Can I ask, are all the permanent residents past fosters, and if so why did you choose to keep them?
Three of the seven (Alice, Dewey and Charlie) are former fosters (or “foster fails”, if you prefer.) The rest (Newt, Jake, Archie and Khal) all showed up on our doorstep when we lived at Crooked Acres (where we lived 2006 – 2017, and which is located about 10 minutes from where we live now.)
Alice actually showed up on our doorstep too, now that I’ve said that. On a FREEZING December evening in 2010 Fred stepped onto our front porch and a kitten raced from the front porch to our side yard and hid under a bush. We tried luring her out and had no luck, so Fred trapped her. She was so tiny that I guesstimated that she was about 2 months old, but the vet told us that she was actually more like six months old. She was a terrified girl and took a lot of time and effort on our part (mostly on Fred’s part – he loves the challenge of semi-ferals), but she warmed up after a while. She joined the rest of the fosters we had at the time – the Brady Bunch litter – and that’s how she got her name, after Alice from the Brady Bunch. The vet told us that she didn’t think Alice would ever be more than 7 pounds (HA), and when it was time for her to go to Petsmart with the rest of the litter, Fred started talking about keeping her as a permanent resident because he’d gotten attached to her (and loved the idea that she’d always be a tiny girl (HA HA).) Only, instead of saying “Yes, let’s keep her,” he WAFFLED about it and couldn’t make up his mind and since he wouldn’t just SAY that he wanted to keep her, off she went. For like 24 hours. Fred missed her so much that the very next morning we raced to Petsmart and brought her back home. She’s now 12 years old and did not stay tiny.
Dewey was our foster for Challenger’s House in 2016. He’d been discovered living in an industrial park, where we assume he was dumped. He was about 8 months old when we got him – Susan asked us to take him for a while because she knew of Fred’s affinity for scaredy cats, and hoped that we could make him less scared and more confident. Dewey was pretty timid, but warmed up to Fred (and eventually to me.) He got along well with the other cats, and in fact became great buddies with Frankie (who has since passed). We ultimately decided that we couldn’t stand the thought of him at Petsmart, terrified. And since he got along so well with the other permanent residents, we decided to keep him. In the years since we adopted him, he’s become somewhat solitary – that is, he’s fine with the other permanent residents, but he doesn’t seek them out and prefers to hang out alone – and he’s also decided that he DOES NOT WANT me to take his picture. I swear to you, if I even think about trying to take his picture he ::POOFS:: into another dimension. I finally decided to respect his wishes, which is why you only see old pictures of him now. He’s 6 years old.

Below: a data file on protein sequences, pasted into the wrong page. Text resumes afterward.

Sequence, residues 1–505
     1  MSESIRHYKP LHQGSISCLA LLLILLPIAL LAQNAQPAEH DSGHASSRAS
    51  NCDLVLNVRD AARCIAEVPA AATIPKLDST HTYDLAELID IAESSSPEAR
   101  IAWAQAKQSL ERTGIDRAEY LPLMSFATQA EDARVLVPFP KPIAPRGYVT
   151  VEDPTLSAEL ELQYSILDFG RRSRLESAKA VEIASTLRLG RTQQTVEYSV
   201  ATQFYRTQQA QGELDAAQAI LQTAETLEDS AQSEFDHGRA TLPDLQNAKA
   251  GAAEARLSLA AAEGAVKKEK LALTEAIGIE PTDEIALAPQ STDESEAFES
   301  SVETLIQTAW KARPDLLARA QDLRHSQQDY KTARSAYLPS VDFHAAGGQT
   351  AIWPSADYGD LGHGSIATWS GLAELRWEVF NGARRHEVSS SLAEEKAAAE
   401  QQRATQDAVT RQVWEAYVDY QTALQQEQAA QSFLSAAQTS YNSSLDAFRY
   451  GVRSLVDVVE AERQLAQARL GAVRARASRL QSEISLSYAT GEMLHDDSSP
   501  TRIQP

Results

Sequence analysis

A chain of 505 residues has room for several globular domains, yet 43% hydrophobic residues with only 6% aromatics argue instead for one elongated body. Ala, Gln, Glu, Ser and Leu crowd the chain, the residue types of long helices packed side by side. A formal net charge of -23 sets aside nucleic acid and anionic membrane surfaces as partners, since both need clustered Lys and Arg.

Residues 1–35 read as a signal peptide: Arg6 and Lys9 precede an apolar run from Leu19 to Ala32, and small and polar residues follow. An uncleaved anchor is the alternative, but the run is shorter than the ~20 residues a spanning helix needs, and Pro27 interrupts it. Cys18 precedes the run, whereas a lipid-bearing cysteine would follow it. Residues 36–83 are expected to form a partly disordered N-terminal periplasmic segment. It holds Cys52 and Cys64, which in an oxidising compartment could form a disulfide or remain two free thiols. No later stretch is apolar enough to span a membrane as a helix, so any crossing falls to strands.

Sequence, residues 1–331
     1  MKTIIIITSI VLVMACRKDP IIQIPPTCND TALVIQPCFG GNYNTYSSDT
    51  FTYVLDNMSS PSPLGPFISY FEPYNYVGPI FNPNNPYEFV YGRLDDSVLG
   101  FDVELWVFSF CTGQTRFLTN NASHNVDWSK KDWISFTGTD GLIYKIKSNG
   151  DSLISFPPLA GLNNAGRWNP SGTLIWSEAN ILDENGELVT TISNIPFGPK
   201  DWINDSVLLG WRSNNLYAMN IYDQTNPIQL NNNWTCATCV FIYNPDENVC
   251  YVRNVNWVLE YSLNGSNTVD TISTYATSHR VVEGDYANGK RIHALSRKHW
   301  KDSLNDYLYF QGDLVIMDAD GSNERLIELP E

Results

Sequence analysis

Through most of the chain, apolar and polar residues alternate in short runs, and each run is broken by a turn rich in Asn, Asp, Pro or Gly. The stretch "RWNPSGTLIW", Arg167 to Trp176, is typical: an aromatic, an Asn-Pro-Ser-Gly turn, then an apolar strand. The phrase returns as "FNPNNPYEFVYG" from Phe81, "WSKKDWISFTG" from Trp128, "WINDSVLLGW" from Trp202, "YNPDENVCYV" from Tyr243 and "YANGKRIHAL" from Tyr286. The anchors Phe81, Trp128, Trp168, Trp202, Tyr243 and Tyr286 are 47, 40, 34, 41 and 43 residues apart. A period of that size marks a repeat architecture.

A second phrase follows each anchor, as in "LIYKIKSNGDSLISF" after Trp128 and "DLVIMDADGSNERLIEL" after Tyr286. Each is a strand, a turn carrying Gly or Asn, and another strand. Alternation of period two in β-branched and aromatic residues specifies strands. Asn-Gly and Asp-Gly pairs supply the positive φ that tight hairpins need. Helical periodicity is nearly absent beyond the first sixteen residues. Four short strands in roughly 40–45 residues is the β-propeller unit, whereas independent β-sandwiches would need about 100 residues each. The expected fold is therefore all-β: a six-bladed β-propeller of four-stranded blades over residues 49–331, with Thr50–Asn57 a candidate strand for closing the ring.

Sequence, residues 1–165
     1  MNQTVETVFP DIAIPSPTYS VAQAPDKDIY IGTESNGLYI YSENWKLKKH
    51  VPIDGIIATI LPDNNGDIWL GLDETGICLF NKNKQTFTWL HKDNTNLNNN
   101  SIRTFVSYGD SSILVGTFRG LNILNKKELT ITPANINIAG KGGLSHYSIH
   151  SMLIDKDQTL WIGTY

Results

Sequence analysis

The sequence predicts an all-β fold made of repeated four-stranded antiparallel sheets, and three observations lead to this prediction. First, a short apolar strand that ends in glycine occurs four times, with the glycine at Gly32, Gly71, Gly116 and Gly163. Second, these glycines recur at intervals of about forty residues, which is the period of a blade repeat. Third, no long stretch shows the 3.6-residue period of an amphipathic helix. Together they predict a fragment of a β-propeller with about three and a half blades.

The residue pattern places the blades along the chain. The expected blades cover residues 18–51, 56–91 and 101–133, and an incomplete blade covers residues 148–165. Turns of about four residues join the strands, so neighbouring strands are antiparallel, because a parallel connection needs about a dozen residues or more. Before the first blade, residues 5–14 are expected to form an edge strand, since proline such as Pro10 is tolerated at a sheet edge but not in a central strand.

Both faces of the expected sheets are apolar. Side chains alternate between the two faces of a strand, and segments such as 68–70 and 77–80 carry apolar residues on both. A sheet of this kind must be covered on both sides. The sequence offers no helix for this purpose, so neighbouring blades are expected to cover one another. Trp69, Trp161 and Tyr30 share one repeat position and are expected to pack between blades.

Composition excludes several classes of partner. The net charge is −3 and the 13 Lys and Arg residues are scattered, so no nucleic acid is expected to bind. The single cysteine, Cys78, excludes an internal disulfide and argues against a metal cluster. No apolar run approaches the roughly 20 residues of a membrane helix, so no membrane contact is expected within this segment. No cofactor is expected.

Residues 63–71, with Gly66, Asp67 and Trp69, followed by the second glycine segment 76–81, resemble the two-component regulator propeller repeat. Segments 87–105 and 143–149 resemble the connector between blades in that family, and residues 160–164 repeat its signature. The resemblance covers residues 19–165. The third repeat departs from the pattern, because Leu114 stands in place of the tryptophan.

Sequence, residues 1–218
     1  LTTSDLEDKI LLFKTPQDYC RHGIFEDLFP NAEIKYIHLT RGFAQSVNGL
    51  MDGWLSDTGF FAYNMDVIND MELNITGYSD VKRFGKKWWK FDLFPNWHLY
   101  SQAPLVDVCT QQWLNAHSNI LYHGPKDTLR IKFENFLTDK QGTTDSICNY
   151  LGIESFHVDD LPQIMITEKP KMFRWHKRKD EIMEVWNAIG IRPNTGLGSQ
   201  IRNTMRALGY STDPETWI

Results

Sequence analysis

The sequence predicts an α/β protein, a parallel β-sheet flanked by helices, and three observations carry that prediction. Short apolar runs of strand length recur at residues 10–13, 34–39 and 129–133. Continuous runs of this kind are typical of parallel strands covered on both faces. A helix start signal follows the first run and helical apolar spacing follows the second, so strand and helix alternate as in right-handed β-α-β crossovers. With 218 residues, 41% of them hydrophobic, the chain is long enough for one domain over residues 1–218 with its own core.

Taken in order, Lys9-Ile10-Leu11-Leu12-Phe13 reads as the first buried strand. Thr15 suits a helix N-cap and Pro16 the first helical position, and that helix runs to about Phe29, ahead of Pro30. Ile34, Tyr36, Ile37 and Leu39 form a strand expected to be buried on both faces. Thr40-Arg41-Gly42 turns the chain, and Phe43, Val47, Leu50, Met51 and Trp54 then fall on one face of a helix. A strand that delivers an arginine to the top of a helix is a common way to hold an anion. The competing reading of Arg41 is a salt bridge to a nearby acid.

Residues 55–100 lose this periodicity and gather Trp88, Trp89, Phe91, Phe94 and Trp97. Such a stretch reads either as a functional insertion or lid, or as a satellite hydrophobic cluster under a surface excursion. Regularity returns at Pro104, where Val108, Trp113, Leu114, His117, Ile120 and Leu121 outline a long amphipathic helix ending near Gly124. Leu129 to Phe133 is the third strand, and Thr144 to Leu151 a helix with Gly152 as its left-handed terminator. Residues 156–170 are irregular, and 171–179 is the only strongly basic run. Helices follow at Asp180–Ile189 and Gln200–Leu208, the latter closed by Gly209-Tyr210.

Charlie was our foster in 2020 – he came to us as part of the Mewsketeers litter. We had no intention of making him a permanent resident, but as the rest of his litter was adopted, and the time came near for him to go to Petsmart, he suddenly seemed like he might be a good fit. He got along well with the permanent residents, and most importantly, when he wanted to play with Alice and she hissed at him, he respected that and didn’t harass her. We decided to adopt him, and nearly immediately changed his name to Charles, Prince of Wails (because he would wail and wail if there was a closed door he wanted to be on the other side of) and always call him Charlie. (Fred would like credit for “knowing that Charlie was a good one from the very first time we met him.”) In the year and a half since we adopted him, he continues to be buddies with Jake and Khal and he and Archie can even be seen playing together. He’s also always interested in the fosters and a good Uncle (though he hasn’t met this current batch since introducing him to kittens when there’s a mother present hasn’t gone well with some previous fosters. Mamas tend to be pretty protective.) He turned 2 years old in June.
And while I’m at it, how about a quick rundown on the permanent residents who were NOT fosters?